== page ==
California & New York Variants: COVID-19 Tutorial for Pregnant & Lactating Women

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We have begun discussing variants of SARS-CoV2 (the virus that causes COVID-19), which have been in the news. This is due to the fact that some particular variants are more contagious than the version of SARS-CoV2 that we’ll call the wild type, meaning not the version of the virus that first seems to have spread from bats to humans in in the Wuhan region of China, but the version that subsequently spread throughout the world. As we discussed in a previous post, a variant is simply any descendant of the virus that has accumulated enough mutations that make it different from the wild type in some way —either in the building blocks of proteins of the viral coat (one particular amino acid, a building block of proteins, can be substituted for a different one that was present in the same position on a protein) or in the way that the virus behaves. Any geographic location where the pandemic is spreading has variants, because spreading from person to person means that more little baby viruses are created, causing more mutations (changes in the genetic instructions in the viral RNA) over time, causing more variants, but researchers and health officials are on the lookout for particular variants that behave in a way that can make COVID-19 worse. This means SARS-CoV2 variants that are more contagious than the wild type, variants that can cause more severe disease than the wild type, variants that can cause symptoms in groups of people not affected as badly by the wild type (such as younger adults and children in whom the risk of developing severe symptoms has been much lower so far compared with elderly people and those with certain health conditions), and variants that can spread from, and cause, disease in people who have been immunized against the wild type by currently available vaccines, or by previous COVID-19 disease.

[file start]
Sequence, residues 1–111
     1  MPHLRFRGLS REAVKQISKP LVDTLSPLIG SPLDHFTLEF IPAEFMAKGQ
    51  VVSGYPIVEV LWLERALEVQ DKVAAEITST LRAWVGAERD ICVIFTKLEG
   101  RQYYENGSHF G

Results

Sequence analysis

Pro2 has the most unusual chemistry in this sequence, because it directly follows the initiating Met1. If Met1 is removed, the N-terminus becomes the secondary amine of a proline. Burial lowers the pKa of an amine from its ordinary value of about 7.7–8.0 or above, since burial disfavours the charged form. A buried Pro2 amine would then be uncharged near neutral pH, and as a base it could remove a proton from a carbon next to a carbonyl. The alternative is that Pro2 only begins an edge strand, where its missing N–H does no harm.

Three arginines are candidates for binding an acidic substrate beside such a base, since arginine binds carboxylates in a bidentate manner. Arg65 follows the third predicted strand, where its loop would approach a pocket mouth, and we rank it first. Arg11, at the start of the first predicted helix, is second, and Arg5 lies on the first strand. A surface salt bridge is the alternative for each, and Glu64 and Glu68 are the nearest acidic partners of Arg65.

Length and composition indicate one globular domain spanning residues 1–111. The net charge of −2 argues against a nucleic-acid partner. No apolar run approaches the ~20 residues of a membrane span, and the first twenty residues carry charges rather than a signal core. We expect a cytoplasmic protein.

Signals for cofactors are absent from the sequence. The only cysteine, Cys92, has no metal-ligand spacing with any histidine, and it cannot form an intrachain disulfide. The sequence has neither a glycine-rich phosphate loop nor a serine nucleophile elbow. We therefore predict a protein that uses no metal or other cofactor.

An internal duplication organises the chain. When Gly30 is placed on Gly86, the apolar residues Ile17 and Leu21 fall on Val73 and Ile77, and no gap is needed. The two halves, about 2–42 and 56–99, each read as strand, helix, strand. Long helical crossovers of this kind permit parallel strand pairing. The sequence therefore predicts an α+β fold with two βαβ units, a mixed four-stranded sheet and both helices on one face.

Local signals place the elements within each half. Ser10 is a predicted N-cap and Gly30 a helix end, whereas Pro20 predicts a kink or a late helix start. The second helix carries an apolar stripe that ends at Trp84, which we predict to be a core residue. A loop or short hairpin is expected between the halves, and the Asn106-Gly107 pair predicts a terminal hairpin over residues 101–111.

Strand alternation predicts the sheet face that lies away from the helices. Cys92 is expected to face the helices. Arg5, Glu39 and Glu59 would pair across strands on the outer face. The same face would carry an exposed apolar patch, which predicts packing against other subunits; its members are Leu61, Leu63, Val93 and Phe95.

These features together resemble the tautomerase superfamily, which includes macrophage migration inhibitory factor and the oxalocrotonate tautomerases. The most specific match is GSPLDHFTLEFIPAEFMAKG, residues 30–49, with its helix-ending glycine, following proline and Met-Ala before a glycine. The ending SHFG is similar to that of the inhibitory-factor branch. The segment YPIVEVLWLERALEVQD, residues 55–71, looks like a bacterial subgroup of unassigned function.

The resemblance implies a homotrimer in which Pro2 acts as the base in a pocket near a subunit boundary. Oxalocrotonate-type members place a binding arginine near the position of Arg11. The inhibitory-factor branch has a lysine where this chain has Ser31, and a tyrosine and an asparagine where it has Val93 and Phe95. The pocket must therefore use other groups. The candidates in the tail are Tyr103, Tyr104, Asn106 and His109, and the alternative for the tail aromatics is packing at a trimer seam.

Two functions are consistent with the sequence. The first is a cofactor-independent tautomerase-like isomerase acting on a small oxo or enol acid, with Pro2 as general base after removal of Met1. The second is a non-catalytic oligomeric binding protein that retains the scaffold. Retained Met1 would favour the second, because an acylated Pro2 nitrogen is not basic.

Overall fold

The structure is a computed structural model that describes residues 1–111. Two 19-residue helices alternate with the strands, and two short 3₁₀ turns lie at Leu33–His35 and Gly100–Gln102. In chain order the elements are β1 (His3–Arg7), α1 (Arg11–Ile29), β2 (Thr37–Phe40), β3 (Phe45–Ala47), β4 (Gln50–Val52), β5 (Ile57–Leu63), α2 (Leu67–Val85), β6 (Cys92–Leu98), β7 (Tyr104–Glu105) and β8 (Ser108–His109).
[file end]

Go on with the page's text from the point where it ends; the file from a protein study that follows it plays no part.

So far, in all of the new variants of concern, the same groups of people are at the highest risk, namely older people, males more than females, and those with certain health conditions, especially obesity, type 2 diabetes, and heart failure. No SARS-CoV2 variant is known that causes worse disease in young people akin to the influenza strain of the notorious 1918 flu pandemic in which young adults faired the worst. Nor has a variant been discovered that puts women at worse risk than men. But adding to the list of variants of concern in the United States that already includes the B.1.1.7, the B.1.351, and the P.1 that have emerged in other countries are some variants local to North American locations. Of these, in this post, we’ll focus on the California variant and the New York variant and see how they line up in comparison to the international variants mentioned above. We can do this, because there has been some research on the California and New York variants, although the data from such research remain to be published in peer-reviewed journals.